Trustees need to choose wisely

Published 8:56 am Tuesday, September 18, 2012

An extremely significant decision awaits the Roanoke-Chowan Community College Board of Trustees.

As we all should hopefully know by now, the RCCC Trustees, at a special called meeting on Tuesday of last week, sent the college’s president, Dr. Ralph Soney, out the door. Soney did contribute to that decision by his bosses as he submitted a letter of resignation a few weeks ago. However, he did ask to remain onboard until Dec. 31, the reason for which, in his words, was to “allow the faculty, the staff and the board some time to work on the transition of leadership. My willingness to stay was simply transitional. It’s typical for an administrator to have 30-60 days to slowly back out of the way.”

Based on last week’s 9-2 vote to end Soney’s seven-year stay at RCCC, the Trustees apparently didn’t see the need for a “transitional” period. And, when asked by this reporter, the board chair, Wendy Ruffin Barnes, would not discuss what led to the decision to give Soney his immediate “walking papers.”

On the other side of the coin, I had to know why Soney opted to resign, especially on the heels of RCCC’s recent string of good news, to include reaccreditation earlier this year by the Southern Association of Colleges and Schools (required to keep the college’s doors open) and the announcement last week that the school was one of six statewide to receive a share ($250,000) of a $1.8 million grant that will aid in the implementation of the NC Back-to-Work program. That program prepares long-term unemployed North Carolinians for new careers. In RCCC’s case, the grant will assist up to 300 citizens from Bertie, Hertford and Northampton counties for tuition and supplies.

While he was pleased with the progress at RCCC under his leadership, Soney claimed his efforts were derailed by the politics of Hertford County, saying, “Many of the leadership issues within Hertford County were starting to manifest themselves on our board and on our campus; the politics – the cronyism, the favoritism – undermines even the best of efforts. For me it was a moral and ethical choice to offer my resignation.”

Now that’s a mouthful, which begs to ask the question – what is the intent of the 12 appointees to the RCCC Trustees….to represent the best interest of the students or bend to special interest? Personally I want to believe it’s the former rather than the latter.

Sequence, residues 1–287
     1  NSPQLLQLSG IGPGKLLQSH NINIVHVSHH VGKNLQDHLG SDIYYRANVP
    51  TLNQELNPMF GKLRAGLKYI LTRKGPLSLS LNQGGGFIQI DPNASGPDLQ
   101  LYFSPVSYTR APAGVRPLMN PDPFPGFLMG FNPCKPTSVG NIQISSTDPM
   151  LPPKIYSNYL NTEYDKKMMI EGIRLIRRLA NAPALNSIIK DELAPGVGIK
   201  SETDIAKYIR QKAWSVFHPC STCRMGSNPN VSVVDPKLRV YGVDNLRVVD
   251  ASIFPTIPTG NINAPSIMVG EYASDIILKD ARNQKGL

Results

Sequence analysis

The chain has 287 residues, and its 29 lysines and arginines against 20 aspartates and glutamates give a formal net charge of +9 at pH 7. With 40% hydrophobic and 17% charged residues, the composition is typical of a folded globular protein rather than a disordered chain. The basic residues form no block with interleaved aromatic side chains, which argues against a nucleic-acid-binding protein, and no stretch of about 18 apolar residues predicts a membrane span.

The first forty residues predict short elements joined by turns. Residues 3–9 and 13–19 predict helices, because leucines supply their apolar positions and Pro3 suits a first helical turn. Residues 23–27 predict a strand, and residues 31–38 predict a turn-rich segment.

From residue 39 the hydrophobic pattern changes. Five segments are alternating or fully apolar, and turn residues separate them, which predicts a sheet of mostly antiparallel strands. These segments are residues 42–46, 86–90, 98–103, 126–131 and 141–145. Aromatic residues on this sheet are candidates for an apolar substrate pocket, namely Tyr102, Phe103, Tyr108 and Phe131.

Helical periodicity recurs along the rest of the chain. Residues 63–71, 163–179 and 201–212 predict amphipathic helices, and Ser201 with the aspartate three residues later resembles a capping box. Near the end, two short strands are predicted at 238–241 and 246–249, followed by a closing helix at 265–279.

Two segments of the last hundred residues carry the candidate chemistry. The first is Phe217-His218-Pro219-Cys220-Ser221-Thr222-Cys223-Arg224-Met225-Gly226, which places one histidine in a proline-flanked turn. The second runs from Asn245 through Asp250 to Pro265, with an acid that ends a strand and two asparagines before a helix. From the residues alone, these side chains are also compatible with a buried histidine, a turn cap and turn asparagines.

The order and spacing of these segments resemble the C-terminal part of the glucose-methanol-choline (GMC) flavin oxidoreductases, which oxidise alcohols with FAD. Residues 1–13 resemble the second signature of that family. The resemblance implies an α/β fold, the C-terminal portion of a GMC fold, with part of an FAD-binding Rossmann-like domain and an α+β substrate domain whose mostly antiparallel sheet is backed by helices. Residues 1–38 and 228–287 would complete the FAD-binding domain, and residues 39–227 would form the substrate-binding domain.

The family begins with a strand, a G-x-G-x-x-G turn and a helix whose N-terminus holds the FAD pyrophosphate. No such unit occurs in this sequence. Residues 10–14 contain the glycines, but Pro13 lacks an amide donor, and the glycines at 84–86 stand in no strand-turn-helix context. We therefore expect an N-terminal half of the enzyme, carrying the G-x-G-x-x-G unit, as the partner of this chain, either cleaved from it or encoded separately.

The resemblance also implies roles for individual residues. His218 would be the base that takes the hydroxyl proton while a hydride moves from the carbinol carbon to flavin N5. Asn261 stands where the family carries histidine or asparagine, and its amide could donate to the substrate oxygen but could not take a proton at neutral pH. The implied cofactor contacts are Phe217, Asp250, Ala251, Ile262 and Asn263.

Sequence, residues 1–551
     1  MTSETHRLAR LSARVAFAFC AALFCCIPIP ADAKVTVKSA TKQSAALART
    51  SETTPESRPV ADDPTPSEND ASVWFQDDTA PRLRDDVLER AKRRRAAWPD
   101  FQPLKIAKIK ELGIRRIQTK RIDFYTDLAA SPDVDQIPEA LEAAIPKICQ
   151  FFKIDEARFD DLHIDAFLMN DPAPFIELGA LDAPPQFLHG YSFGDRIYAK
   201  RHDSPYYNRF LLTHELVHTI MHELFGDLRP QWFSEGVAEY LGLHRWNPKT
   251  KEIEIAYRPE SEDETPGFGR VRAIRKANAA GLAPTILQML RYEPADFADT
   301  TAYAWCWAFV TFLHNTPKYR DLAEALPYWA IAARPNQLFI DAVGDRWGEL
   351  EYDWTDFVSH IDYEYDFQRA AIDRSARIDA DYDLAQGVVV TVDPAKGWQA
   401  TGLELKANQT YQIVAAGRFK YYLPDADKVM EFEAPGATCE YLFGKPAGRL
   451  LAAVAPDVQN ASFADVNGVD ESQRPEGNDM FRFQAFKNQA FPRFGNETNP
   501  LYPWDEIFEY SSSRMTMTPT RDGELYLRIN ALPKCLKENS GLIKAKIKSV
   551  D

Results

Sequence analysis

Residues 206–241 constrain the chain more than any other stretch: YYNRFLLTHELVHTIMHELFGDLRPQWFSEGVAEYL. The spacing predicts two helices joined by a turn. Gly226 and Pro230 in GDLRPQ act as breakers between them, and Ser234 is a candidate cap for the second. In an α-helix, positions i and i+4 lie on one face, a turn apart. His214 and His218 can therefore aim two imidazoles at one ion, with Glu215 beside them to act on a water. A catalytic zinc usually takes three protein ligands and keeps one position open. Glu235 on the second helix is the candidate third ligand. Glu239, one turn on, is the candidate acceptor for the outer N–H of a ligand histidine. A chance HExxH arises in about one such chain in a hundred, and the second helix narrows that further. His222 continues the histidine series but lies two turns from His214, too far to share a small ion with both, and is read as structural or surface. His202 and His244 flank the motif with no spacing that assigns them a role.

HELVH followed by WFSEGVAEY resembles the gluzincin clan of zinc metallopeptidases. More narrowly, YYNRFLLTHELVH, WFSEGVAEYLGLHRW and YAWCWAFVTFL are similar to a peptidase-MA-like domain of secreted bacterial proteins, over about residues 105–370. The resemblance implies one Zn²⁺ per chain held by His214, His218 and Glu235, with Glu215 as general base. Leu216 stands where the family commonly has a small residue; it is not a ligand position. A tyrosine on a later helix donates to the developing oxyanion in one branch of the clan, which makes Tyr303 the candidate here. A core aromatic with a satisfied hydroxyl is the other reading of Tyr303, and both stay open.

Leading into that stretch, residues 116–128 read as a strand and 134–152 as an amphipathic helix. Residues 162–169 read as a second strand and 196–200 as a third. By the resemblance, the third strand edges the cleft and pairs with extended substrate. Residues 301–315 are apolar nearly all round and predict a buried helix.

We all need to carefully watch what direction the RCCC Trustees take in selecting Soney’s replacement. They did get off on the right foot by naming former RCCC President Dr. Harold Mitchell to fill Soney’s seat in the interim while they search for a new leader. He is well respected among his educational peers and an outstanding member of the local community.

Perhaps it’s a Mitchell clone that is needed to become the next leader at RCCC. After seven years of watching Soney “drive” his salary to Pitt County (where the Trustees opted to allow him to reside instead of living here locally), I, for one, would love to see the board either tap into the local pool of educational administration talent or demand that an outsider chosen for the president’s position live here, raise their family here and spend their money here.

I can’t speak for anyone else, but I want to see RCCC thrive. It offers our local citizens a chance to take a big step forward in life through higher education. For some, they can use those skills to immediately enter the workplace or advance in their current job. For others, RCCC serves as a launching pad for those wanting to enroll in four-year colleges.

The college’s next leader is charged with keeping those dreams alive. I implore the Trustees to choose wisely…none of us want to wake up in a nightmare somewhere down the road.


Cal Bryant is Editor of Roanoke-Chowan Publications. He can be contacted at or 252-332-7207.

About Cal Bryant

Cal Bryant, a 40-year veteran of the newspaper industry, serves as the Editor at Roanoke-Chowan Publications, publishers of the Roanoke-Chowan News-Herald, Gates County Index, and Front Porch Living magazine.

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